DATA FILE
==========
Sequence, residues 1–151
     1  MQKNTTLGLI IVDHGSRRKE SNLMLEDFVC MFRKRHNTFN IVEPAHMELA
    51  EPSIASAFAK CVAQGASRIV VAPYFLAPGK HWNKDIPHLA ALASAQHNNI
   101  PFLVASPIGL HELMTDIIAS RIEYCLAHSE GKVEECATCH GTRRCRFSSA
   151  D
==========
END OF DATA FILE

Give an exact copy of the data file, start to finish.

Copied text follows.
Sequence, residues 1–151
     1  MQKNTTLGLI IVDHGSRRKE SNLMLEDFVC MFRKRHNTFN IVEPAHMELA
    51  EPSIASAFAK CVAQGASRIV VAPYFLAPGK HWNKDIPHLA ALASAQHNNI
   101  PFLVASPIGL HELMTDIIAS RIEYCLAHSE GKVEECATCH GTRRCRFSSA
   151  D